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FIRST DEPARTMENT, FEBRUARY TERM, 1899.

[Vol. 38.

ite Paving Block Company, was receiving from the defendants on a similar contract for the delivery of blocks of stone to be used on Steinway avenue and Broadway. That contract in writing was produced and therein no provision was found for payments in bonds, but on the contrary it appeared that payment was to be in cash. Upon a closely contested question of fact this circumstance must have had considerable weight with the referee, as would also the fact that it in no way appears that the defendants even tendered, monthly, bonds of Long Island City in payment of the stone delivered. And it seems that, if their possession of Long Island City bonds were dependent on what they received on their contract for city work for which the plaintiff was furnishing them paving stone, they could not have made monthly payments, because it is not shown that they received the bonds at such times or in such amounts; but, on the other hand, it appears that although some bonds were given after part of the work was done, the larger amount was not transferred to them till December, before which time the plaintiff had delivered all the stone which they would accept. We think, therefore, that the counsel for the appellants is too broad in his statement that the evidence adduced on the trial admits of but one conclusion, namely, that the plaintiff "agreed to receive bonds in payment for the stone delivered under his contract with the defendants."

Upon this, as upon all the issues raised at the trial, there was a direct conflict of testimony, and the referee had to determine the credibility to be given the witnesses and the character of the proof presented by the respective parties. We do not wish to be understood as saying that there were not some inconsistencies and improbabilities in the plaintiff's version of the various conversations and transactions which he had with the defendants; but these had to be considered with the other evidence, and in regard to all the issues thus raised, we can say that the questions were clearly those of fact, dependent for their solution on the credence which the referee gave to the testimony. Thus with respect to whether $5 or $4.50 per 1,000 was to be paid for cartage, whether demurrage should be allowed the plaintiff, and whether the defendants should bear the expense of moving some stone from the front to the rear of the dock, there was conflicting evidence, and the conclusion to be reached very largely depended upon seeing the witnesses, their manner of testify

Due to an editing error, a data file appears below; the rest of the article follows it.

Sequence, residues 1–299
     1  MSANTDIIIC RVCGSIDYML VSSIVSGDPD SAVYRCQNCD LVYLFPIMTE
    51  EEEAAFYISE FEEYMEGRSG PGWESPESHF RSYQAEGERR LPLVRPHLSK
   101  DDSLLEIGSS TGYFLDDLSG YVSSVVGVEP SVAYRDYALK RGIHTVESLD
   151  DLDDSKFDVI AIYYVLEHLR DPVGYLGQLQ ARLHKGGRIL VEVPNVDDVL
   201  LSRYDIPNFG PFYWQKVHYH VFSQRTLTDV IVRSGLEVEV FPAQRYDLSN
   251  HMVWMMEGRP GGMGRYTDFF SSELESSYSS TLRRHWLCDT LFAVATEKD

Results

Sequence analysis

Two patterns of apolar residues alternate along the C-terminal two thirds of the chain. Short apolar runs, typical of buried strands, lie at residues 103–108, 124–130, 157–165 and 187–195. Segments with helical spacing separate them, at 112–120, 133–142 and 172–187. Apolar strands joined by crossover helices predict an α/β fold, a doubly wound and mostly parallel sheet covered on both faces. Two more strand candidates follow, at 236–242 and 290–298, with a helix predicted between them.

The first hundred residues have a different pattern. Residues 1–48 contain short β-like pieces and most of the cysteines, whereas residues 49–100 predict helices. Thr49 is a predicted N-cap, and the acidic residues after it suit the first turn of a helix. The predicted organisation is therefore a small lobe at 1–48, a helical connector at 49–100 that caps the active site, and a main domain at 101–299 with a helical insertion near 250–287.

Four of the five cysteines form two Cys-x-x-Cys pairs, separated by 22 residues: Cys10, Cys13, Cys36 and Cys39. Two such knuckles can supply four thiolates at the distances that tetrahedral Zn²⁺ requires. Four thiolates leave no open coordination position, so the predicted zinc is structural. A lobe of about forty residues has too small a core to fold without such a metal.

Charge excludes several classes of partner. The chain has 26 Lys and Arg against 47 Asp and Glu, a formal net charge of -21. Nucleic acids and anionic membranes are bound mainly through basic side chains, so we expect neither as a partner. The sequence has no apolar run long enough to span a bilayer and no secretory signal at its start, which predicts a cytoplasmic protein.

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FIRST DEPARTMENT, FEBRUARY TERM, 1899.

ing and the extent to which they were corroborated by other facts or circumstances.

In such cases, as has frequently been stated, the trial judge or referee is better enabled to pass upon the questions of fact than can be an appellate court. In Baird v. Mayor (96 N. Y. 567, 577) it was said: "A proper regard for the advantages possessed by that (trial) court in the disposition of questions affecting the credibility of witnesses and those depending upon the weight and authority of conflicting evidence, require great consideration to be accorded to its opinions. * * When there is evidence on both sides and the case is balanced and the mind of the court has been called upon to weigh conflicting statements and inferences and decide upon the credibility of opposing witnesses, much weight must be accorded to the especial adaptation of the trial court to investigate and determine such questions." And as expressed in Westerlo v. De Witt (36 N. Y. 340, 345), " if upon reading the evidence this court should be of the opinion that the conclusion might well have been either way, then the fact that the referee saw the witnesses, heard them testify, and had the nameless opportunities of judging of their character that personal acquaintance can only give, should induce us to defer to his judgment."

As has also been pointed out on an appeal consisting principally of questions of fact, "It is not the same question as if we inquired whether we should have found the same facts in the same way as did the referee. It is, rather, are we so certain that the referee was in error, upon the facts, as that we will assume to reverse his judgment?" (Crane v. Baudouine, 55 N. Y. 256, 264.)